The last bastion of originality on the Internet!


























I wish it ended there, but it goes on and on…
Mind you, this is only on one topic, the “iPhone SDK”. And most of the above was in the space of one day and a half (March 6th – 7th) and on one site (wordpress.com). Can you imagine the rest of the Internet?

Only a few of these blogs actually went to the trouble of writing something new about what they saw. The rest are direct ripoffs from each other, duplicated info from more popular blogs or, worse yet, are no-content blogs with links to other blogs which in turn have no real content in them.


4 thoughts on ““Blogosphere”

  1. To be honest, it is tricky to add something new to a story that is doing the rounds. I always try to add my own personal slant/opinion along with all the information I can find. If I cannot add anything to a particular story, I don’t post anything.

    I completely agree, the worst thing that any blogger can do is just copy paste someone else’s content.

  2. Thanks for the comment.

    I really, really, really hope you didn’t take any offense.
    It’s not my intent to poke fun at individual bloggers at all!

    Actually I do enjoy reading your blog, since you actually put thought into your writing. Sadly, this isn’t always the case with blogs.

    I’m just trying to point out a trend that seems to follow a “trickle down” effect where one story is reiterated countless times with each author seemingly writing the same story.

  3. No offense at all :) Thank you for your kind words about my blog. I do completely agree, nothing irks me more than seeing my work copied and pasted in its entirety to some aggregating blog that exists solely for the purpose of generating google ad revenue. Of course, partial quotes with trackbacks are perfectly ok providing it is expanded on, even if the blogger simply adds their own views on the subject.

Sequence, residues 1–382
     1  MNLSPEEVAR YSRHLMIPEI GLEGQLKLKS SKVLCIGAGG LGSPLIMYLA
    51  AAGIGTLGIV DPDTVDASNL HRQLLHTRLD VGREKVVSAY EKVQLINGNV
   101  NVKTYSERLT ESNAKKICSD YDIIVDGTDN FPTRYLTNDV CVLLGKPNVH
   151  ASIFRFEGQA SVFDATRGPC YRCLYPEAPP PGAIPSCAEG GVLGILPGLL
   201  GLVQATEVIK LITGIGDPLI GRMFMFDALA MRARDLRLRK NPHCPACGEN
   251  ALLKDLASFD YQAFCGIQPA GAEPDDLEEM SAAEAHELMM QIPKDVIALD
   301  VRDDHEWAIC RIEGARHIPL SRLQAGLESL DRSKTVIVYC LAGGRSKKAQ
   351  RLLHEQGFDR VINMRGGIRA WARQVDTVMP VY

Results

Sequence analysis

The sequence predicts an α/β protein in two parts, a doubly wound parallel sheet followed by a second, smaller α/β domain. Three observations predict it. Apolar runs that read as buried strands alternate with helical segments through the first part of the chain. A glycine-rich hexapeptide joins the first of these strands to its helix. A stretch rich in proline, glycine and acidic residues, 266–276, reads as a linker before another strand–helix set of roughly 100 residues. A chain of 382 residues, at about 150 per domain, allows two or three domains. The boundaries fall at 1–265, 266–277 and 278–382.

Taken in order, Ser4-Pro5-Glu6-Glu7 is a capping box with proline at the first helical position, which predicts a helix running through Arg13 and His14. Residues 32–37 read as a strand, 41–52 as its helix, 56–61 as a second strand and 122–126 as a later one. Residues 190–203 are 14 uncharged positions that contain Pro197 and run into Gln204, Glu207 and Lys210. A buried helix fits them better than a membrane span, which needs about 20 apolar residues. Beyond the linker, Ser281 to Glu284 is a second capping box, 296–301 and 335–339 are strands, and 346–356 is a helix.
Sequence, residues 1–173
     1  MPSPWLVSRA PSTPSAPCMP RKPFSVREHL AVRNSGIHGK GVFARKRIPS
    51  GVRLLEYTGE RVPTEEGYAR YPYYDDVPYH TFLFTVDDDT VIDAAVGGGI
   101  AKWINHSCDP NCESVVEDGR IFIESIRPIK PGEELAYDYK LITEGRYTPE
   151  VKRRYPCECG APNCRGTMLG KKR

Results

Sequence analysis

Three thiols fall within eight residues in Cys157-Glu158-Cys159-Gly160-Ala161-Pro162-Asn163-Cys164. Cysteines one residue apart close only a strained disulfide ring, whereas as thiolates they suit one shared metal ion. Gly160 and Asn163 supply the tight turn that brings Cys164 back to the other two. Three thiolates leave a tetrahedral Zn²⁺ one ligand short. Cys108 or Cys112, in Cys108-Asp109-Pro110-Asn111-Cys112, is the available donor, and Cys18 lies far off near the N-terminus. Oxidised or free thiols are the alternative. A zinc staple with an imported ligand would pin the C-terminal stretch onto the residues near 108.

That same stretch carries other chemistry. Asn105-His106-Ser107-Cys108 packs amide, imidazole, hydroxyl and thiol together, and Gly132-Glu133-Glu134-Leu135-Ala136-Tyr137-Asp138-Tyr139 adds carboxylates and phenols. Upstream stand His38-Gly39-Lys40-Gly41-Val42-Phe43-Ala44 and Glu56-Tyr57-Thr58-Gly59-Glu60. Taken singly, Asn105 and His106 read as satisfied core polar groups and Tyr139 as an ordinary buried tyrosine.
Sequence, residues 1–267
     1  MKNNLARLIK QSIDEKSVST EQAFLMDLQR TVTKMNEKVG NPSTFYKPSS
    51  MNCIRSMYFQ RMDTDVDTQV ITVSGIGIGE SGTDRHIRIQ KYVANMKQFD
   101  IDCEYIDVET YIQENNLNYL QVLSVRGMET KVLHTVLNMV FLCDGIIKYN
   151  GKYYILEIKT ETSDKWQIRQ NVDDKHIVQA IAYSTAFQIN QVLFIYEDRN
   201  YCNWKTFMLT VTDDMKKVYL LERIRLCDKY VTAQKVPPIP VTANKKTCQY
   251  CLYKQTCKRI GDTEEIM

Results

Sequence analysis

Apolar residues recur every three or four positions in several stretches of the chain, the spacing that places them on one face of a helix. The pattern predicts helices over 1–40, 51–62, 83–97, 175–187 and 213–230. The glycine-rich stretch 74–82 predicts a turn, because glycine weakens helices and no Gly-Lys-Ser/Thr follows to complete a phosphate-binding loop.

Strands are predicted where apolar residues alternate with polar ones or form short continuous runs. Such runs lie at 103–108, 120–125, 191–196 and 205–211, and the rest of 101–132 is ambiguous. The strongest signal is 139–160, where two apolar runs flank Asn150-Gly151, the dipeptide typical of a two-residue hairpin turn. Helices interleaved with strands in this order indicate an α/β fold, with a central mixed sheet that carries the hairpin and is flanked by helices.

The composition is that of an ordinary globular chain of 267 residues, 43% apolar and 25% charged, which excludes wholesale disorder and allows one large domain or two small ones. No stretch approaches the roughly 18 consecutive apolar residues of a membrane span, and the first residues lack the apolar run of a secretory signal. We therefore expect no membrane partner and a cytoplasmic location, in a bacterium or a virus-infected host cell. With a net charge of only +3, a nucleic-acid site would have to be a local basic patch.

Your post was really effective and is representative of what happens in the blogosphere, however it is not always a bad thing. For example, CES over in the States is frequently so over covered, a lot of journalists (and arm-chair journalists like bloggers) find it more useful to analyse what comes out from those that do go rather than attend. This can still generate useful discussion in some cases. :)

  4. Well that’s a relief! ;)

    I see what you mean about analysis. It does seem like an effective way to cross-sample the general consensus up to and following any major event as well as take a peek at what went on courtesy of whoever attended…

    However, there’s another fear. I think this is slowly starting to replace legitamet journalism.

    Do I expect everyone with a blog to write Pulitzer calibre articles?
    Of course not. But there’s no heart in many of these writeups. It’s like they didn’t even try. It’s just old-media tomfoolery carried over to the digital age.

    Again, the temptation to just say “Wow, check this out”, or “I’m really excited” and leave it at that is just too strong when you’re just a few keystrokes and a mouse-click away from the biggest out-door stage on Earth.

    Honestly, I don’t even mind people posting one liners and linking them elsewhere. Provided it doesn’t happen at the alarming frequency that it does today.

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